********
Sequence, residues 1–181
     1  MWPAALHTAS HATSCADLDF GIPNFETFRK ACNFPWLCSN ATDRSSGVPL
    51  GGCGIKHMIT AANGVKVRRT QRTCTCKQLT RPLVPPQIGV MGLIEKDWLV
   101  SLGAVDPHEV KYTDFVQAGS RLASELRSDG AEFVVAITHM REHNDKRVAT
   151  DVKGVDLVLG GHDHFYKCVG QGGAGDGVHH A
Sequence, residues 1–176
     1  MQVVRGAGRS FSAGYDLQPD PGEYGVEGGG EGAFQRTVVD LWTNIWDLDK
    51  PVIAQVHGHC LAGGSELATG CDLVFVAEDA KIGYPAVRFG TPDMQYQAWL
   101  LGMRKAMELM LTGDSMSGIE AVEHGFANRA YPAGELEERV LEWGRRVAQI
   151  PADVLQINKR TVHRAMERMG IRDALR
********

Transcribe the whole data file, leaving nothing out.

Sequence, residues 1–181
     1  MWPAALHTAS HATSCADLDF GIPNFETFRK ACNFPWLCSN ATDRSSGVPL
    51  GGCGIKHMIT AANGVKVRRT QRTCTCKQLT RPLVPPQIGV MGLIEKDWLV
   101  SLGAVDPHEV KYTDFVQAGS RLASELRSDG AEFVVAITHM REHNDKRVAT
   151  DVKGVDLVLG GHDHFYKCVG QGGAGDGVHH A
Sequence, residues 1–176
     1  MQVVRGAGRS FSAGYDLQPD PGEYGVEGGG EGAFQRTVVD LWTNIWDLDK
    51  PVIAQVHGHC LAGGSELATG CDLVFVAEDA KIGYPAVRFG TPDMQYQAWL
   101  LGMRKAMELM LTGDSMSGIE AVEHGFANRA YPAGELEERV LEWGRRVAQI
   151  PADVLQINKR TVHRAMERMG IRDALR